We got there about 6:05, at dusk, for the 7:00 show. There are 3,000 seats (like plastic patio chairs) including 200 reserved for dignitaries and other VIPS. We assumed it would be jam packed, but by the time it started there were only a few hundred people there. It was in the 50s and windy, but we were dressed appropriately. However, a vendor was renting heavy wool blankets for 10 LE (50 cents!) so we got one (good move!). And it was just on the honor system to return it after the show!

It was very cool to see the Pyramids and Sphinx rising from the desert, but not as much as it would be the next day in the daylight. The Sphinx, about 200 feet away, was most visible as it reflected some of the light from the seating area. The Pyramids were just shadowy outlines in the dark.

There were several optional sound and light shows on our tour, and our guide politely suggested that we save our money and skip them, which we did. This one, though, was included. We had hoped that it would be impressive and awe-inspiring, but after the first 5 minutes, we were ready to leave. It was very lame and sounded like a 1950s Hollywood production. A definite must miss and not even one good photo to paste.

Tuesday, December 26, 2017

(Writing from the Munich Airport)

Our last day! The grand finale of the Pyramids and Sphinx up close!!!!!!!!!!!!
As our guide said, when anyone thinks of Egypt they picture the Sphinx, the Pyramids, and people in front riding camels. So today would be our chance to make that picture real.

Another early start as we first went just outside Cairo to the remains of the ancient city of Memphis, the first capital of a unified Egypt (Upper -- south , and Lower -- north ). There we saw what remained of a temple: a sphinx (warm up for the big one!), some miscellaneous columns, statues, and sarcophagi.

Sphinx c. 1,550 - 1,069 BC, which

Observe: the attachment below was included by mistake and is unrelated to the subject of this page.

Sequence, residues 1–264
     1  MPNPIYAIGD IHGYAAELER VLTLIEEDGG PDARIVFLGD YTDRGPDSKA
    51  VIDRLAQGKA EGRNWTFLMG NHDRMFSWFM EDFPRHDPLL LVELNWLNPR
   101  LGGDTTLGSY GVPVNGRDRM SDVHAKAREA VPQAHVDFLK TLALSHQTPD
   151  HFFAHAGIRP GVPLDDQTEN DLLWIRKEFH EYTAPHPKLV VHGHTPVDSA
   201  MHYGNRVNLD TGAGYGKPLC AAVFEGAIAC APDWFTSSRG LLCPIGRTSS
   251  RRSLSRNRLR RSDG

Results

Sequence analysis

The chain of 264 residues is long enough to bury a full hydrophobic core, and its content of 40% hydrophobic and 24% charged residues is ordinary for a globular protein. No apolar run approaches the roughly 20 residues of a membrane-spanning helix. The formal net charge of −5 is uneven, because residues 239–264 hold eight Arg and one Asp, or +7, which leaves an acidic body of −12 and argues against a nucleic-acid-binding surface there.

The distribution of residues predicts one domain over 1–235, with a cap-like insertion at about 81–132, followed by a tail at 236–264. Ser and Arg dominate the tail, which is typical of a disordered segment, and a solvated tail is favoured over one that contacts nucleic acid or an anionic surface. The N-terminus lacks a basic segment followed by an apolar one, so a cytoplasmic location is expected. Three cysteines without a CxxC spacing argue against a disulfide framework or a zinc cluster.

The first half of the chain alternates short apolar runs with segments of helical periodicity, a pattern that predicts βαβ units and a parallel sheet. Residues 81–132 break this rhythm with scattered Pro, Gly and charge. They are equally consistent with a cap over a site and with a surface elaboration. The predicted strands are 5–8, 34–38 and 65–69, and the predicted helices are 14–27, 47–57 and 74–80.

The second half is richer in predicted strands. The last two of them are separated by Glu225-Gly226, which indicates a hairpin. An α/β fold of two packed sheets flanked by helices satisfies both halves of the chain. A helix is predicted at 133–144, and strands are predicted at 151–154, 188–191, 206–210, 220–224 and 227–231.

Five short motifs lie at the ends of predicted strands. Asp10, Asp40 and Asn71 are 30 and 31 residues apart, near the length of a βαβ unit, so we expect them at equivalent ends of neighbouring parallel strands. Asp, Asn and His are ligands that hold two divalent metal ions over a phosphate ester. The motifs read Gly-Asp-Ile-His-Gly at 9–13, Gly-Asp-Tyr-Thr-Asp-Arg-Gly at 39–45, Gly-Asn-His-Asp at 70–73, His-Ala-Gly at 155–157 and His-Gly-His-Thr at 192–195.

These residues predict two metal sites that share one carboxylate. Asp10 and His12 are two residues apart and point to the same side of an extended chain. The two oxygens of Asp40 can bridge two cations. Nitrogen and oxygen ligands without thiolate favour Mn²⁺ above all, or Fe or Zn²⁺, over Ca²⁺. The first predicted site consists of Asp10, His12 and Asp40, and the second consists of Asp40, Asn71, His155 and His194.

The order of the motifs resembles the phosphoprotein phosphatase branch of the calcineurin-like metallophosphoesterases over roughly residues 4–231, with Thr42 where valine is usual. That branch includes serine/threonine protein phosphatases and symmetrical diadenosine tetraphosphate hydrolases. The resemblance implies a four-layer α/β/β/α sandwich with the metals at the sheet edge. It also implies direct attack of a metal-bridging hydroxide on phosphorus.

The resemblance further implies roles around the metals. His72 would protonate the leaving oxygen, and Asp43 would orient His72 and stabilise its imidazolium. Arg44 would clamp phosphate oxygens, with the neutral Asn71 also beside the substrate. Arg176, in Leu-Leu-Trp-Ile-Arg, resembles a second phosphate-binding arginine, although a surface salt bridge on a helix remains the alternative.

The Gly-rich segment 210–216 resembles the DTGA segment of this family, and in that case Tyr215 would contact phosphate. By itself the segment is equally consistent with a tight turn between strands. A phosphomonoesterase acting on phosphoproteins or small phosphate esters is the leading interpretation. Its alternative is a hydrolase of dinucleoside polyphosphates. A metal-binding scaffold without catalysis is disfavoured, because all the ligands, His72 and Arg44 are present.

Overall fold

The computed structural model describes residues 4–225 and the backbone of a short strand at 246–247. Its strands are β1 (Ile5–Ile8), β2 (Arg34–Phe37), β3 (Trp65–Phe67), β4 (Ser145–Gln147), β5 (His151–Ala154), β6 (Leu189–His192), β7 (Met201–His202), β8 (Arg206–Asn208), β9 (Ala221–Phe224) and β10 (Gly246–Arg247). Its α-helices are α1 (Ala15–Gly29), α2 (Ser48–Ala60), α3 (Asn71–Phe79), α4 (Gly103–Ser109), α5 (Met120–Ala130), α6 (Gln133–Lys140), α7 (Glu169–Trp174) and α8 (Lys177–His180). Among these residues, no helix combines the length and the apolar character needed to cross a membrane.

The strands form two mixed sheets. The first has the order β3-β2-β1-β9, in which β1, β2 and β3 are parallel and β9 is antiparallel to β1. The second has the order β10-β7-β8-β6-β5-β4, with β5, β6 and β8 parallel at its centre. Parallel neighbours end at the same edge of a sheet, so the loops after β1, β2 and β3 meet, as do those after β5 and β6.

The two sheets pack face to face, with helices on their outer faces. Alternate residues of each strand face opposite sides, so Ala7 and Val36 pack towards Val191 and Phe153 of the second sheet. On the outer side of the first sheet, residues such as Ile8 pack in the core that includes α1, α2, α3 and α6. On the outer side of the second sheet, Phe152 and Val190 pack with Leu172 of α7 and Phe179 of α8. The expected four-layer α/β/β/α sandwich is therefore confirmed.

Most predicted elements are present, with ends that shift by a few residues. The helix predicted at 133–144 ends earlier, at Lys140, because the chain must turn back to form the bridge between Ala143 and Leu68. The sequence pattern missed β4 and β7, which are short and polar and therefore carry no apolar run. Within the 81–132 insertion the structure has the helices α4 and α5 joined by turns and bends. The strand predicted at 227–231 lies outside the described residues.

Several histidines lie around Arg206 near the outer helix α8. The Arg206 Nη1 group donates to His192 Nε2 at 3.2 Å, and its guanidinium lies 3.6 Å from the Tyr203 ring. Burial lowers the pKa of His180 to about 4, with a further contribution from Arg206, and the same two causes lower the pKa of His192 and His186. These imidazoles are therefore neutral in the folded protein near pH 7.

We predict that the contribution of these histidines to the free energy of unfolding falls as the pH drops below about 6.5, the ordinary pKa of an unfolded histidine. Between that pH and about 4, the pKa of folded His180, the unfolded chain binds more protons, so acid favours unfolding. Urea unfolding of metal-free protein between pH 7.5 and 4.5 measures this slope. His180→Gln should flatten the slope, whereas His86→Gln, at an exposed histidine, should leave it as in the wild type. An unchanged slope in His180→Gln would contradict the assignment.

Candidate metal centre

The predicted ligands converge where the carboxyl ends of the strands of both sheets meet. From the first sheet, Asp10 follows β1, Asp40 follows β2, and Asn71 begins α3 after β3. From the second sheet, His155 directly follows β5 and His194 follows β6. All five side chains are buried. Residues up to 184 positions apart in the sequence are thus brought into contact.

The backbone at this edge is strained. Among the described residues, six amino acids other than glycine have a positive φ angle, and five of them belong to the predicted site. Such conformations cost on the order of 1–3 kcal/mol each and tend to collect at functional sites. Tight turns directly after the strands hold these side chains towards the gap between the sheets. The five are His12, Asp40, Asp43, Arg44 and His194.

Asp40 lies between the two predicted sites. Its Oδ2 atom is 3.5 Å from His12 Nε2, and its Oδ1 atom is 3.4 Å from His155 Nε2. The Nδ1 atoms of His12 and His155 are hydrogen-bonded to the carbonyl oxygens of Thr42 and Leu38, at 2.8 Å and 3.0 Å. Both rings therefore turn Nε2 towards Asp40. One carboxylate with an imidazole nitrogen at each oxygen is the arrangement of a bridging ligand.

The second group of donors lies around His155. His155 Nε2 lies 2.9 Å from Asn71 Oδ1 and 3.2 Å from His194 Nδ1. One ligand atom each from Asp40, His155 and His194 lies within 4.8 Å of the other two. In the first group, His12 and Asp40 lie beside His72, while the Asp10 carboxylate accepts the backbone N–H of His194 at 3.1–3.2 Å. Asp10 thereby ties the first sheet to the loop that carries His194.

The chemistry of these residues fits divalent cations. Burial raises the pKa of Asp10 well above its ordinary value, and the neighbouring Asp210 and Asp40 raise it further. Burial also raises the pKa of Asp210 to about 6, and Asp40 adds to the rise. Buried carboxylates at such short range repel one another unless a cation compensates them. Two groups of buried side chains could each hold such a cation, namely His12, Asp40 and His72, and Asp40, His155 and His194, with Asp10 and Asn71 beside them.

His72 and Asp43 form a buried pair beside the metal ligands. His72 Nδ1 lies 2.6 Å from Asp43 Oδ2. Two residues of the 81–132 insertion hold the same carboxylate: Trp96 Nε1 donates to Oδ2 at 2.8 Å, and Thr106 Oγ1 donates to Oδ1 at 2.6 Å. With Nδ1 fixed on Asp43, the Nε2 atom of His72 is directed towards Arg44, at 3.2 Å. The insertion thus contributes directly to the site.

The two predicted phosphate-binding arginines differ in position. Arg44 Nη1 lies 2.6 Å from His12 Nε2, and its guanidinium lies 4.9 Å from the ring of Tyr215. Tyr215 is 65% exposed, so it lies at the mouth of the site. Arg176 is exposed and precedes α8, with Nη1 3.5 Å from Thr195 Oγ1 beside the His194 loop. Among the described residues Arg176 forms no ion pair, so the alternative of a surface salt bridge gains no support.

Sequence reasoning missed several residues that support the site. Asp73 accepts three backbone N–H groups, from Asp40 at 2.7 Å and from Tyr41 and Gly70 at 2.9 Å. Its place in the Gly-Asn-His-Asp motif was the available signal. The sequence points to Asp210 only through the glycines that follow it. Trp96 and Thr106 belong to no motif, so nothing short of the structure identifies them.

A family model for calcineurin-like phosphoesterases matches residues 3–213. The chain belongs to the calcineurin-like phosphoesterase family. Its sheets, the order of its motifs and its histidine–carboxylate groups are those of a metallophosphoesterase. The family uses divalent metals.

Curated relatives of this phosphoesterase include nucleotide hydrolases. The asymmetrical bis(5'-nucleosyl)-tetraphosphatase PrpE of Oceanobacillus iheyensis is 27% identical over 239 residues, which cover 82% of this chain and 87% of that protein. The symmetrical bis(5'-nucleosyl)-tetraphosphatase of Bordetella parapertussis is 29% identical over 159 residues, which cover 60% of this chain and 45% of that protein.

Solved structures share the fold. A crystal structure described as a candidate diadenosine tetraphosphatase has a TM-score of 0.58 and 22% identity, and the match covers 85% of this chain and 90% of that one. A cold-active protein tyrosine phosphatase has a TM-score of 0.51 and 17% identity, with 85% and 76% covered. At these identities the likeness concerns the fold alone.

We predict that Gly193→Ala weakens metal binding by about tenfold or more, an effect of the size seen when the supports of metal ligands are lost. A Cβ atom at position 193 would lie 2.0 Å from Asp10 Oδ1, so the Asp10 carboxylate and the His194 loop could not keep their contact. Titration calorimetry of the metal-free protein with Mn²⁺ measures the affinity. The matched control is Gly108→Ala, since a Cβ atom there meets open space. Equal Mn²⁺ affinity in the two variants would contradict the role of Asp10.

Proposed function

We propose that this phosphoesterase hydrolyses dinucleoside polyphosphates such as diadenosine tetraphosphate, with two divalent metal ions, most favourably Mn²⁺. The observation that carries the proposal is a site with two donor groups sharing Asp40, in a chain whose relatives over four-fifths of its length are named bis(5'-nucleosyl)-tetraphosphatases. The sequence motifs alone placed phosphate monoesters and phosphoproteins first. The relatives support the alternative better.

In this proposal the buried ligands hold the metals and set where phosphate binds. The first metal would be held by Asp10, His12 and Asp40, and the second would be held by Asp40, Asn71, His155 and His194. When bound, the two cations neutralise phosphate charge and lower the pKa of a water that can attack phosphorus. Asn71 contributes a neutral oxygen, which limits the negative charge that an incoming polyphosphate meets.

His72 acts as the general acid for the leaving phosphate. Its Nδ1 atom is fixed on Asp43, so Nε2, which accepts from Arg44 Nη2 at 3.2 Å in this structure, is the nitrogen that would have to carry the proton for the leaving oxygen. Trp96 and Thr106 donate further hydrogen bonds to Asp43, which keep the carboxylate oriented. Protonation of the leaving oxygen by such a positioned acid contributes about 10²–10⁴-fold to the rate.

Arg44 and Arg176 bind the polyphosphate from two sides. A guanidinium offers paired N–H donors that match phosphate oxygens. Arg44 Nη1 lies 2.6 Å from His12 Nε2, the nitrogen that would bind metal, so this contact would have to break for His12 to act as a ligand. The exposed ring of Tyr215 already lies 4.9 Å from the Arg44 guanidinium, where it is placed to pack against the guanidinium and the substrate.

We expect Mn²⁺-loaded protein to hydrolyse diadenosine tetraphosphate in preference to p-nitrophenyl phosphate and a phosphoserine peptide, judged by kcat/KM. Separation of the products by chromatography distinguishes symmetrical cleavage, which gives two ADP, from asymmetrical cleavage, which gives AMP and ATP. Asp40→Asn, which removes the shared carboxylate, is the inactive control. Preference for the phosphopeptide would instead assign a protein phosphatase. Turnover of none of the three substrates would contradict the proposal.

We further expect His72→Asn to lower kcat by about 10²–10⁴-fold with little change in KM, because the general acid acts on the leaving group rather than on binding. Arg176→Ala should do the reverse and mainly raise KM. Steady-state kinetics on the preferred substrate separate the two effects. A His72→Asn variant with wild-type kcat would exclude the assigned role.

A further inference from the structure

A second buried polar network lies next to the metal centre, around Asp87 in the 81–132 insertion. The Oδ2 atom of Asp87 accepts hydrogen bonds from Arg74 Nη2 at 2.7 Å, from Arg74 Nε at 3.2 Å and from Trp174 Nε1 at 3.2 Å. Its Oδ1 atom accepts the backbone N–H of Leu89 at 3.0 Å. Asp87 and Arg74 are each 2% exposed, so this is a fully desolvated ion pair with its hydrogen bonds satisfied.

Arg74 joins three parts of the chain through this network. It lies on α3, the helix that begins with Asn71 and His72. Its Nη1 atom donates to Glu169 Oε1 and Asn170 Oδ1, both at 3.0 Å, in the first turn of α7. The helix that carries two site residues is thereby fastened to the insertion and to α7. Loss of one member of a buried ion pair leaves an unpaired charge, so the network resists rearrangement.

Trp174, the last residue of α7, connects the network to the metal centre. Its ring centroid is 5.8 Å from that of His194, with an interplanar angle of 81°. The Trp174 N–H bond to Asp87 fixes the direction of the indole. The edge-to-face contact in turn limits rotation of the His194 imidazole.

may well be a representation of Queen Hatshepsut

Yet another statue of Ramses II

There was also what was left of a 70' colossal statue of Ramses II. When it was found, it was dragged to this site, and parts of it broke off! (Should have hired some old-timey Egyptians for the move!). Once here, they erected a building around it for protection. There was not much room and the sun was shining in, so this was the best picture we could get. We are standing next to it, so you can realize the scale of this statue.

Back in the bus for a short ride to Sakara, another "suburb" of Cairo, which is known the world over for their carpets (and the namesake of the beer Wayne has been drinking all week). Here we saw a step pyramid (and a few others) which was literally the grand-daddy of the Great Pyramid. As we pulled in we got amazing views: on the left were date palms, flowers, and civilization; on the right: the beginning of the Sahara dessert, and an endless view of rocks and sand dunes.

The Pyramid of Djoser (or Djeser and Zoser), or step pyramid is an archeological remain in the Saqqara necropolis. It was built during the 27th century BC for the burial of Pharaoh Djoser by his vizier, Imhotep. It is thus not only the oldest pyramid still standing, it is also the oldest stone building in the world. was cold in the desert in the morning

We next walked to the tomb of Titi. Our guide gave us the chance to walk into it, and Wendy was one of the few in the group who did. There was a steep narrow low-ceilinged walkway that led to a small room with hieroglyphics and the sarcophagus (no pix allowed).

There were a few more pyramids in the area, as well as the remains of a temple (deja vu all over again).

Bus time again, for a ride to one of Sakara's carpet schools. Rug making by hand is a big industry here, and they start training the children at an early age. But they are also very strict about making sure the children get a good education. So they call the factories "carpet schools" as they serve a dual purpose. We saw the obligatory rug and knot making demo, then "surprise" into the main store for a chance to buy! We have been there too many times (and did not need another carpet) so we went outside to enjoy the sunshine while the rest of the group shopped. Donkeys pulling carts loaded with grass or sugar cane, people of all ages on rickety bicycles, and a flock of sheep being led down the street by an old man and a woman.